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Benefits of using an unmanned aerial vehicle (UAV) or drone

Save time and money

You don’t need to be available for us to access your property. Zero to little downtime for systems that traditionally need to be shut down and they can streamline workflows with less people involved.

Increase safety

UAV’s or drones if you prefer, can be used in hard to reach and otherwise hazardous environments. They can eliminate the risks of working at heights on high pitch roofs and ladders.

Data collection and sharing

Capture repeatable in-depth, high quality data and deliver easily shareable reports.


Flexible plans for domestic or commercial solar panel inspections

Ensure you’re getting the most from your solar panels by booking an inspection with us now.




  • Non-invasive solar inspection of 25 – 50 panels
  • Free aerial photo from the front of your business
  • Detailed report and thermal images of solar panels with recommendations
Industrial Solar Farms


  • Custom solutions tailored to fit the scope of works and your allocation plans

Loyalty rewards

As solar panels deteriorate over time, we recommend a minimum annual inspection and as such, being a valued repeat customer, you’ll receive 10% off your second and subsequent inspections.

Refer and recommend us

If we receive a new booking from your referral, you will be rewarded with a further 5% off your next booking and our new client will also receive 10% off their first booking. Conditions apply.

(those conditions are as follows; The new booking must nominate the referee or who recommended us in ‘the book now form’ to receive the bonus 5% off their next booking. That referee can receive a maximum of 5% off as a referral bonus per annual inspection plus the 10% loyalty reward, giving the referee a total of 15% off their next booking).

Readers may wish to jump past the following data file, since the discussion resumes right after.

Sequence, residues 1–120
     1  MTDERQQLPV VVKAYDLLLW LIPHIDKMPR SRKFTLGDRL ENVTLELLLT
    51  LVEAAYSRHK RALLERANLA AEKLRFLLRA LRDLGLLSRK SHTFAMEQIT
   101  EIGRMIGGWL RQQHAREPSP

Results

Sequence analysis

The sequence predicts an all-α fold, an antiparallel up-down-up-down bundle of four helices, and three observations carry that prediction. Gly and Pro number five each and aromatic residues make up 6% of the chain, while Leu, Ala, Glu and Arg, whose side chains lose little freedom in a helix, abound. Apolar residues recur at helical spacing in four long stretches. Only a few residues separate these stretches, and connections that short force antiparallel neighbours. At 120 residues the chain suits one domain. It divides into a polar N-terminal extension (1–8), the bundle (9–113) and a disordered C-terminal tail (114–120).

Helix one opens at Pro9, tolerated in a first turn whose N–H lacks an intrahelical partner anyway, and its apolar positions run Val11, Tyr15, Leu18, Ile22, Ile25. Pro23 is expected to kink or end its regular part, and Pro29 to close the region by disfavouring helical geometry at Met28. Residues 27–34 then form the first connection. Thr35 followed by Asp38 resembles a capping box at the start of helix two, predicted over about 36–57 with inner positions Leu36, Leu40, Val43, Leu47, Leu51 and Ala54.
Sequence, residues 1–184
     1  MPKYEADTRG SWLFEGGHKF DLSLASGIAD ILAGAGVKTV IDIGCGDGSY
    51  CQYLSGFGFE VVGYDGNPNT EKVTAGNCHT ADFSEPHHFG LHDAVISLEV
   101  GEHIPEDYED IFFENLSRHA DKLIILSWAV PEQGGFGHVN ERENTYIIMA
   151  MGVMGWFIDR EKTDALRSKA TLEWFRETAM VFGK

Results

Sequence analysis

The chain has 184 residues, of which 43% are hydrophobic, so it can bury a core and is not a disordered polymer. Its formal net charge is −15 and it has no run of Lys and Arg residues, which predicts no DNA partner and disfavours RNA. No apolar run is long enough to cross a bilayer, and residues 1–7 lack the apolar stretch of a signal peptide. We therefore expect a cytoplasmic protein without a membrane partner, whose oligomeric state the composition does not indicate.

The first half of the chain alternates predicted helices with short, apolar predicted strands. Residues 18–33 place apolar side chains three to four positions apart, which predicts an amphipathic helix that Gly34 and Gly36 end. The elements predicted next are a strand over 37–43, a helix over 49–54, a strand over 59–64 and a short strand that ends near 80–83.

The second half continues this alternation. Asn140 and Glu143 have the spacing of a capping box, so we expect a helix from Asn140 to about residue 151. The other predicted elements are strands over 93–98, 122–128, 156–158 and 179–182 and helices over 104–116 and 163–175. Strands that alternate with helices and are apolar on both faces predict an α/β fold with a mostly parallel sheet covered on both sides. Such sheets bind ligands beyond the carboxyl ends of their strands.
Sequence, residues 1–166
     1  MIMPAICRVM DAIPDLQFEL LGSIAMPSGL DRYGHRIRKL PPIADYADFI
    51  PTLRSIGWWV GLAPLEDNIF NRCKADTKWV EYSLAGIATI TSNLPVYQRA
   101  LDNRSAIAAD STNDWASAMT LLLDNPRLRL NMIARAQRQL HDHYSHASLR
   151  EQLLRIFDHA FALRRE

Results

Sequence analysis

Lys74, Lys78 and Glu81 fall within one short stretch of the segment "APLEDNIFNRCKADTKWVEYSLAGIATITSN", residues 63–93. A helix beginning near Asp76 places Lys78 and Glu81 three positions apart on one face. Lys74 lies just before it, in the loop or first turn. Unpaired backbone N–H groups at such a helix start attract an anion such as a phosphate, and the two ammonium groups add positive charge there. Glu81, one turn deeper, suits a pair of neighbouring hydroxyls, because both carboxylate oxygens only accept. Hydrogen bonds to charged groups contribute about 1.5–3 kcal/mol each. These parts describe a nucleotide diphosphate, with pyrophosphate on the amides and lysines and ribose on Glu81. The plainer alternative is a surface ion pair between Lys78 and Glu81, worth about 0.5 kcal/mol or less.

your pro in drone aerial footage


Frequently Asked Questions

Absolutely, here are some of the more common definitions.


Civil Aviation Safety Authority; Australia’s aviation regulator.


An increasingly popular term for UAVs often used in a military context.


Unmanned Aerial Vehicle or Drone.


The Remote Pilot’s Licence (RePL) enables operators to operate commercially under an authority of a RPA Operating Certificate (ReOC).


Unmanned Aerial System; introduced to improve on the term ‘UAV’ as it is inclusive of all the components which contribute to the flight


RPA (Remote Pilot Aircraft) Operators Certificate. A ReOC is the MOST important document which allows a RePL holder to conduct commercial operations. A RePL is just your individual permission to fly. If you hold a RePL, then you need be employed by someone who holders the ReOC.

Pilot in Command

The member of the flight team who is responsible for directing the flight and operating the camera equipment


Visual Line of Sight


Beyond Visual Line of Sight


A gimbal is the mount where the camera sits enabling it to move along multiple axes and be positioned with a remote control.


LiPo stands for Lithium Polymer and is the type of battery used by the majority of drone manufacturers as it is lightweight with good charge capacity and power.


This is the up and down movement of the UAV on a vertical axis, encompassing from the front to the back of the UAV.


This is the rotation of the UAV from nose to its tail including all movements forwards, backwards and left to right along the horizontal axis. To prevent crashing the yaw, pitch and roll of a UAV needs to be kept as stable as possible.


Remotely Piloted Aerial System; one of the newer terms used to define UAV systems


Yaw is the rotation of a UAV in relation to the centre axis. Looking down on a drone from above, the yaw would be the movement of the drone, clockwise/anti-clockwise.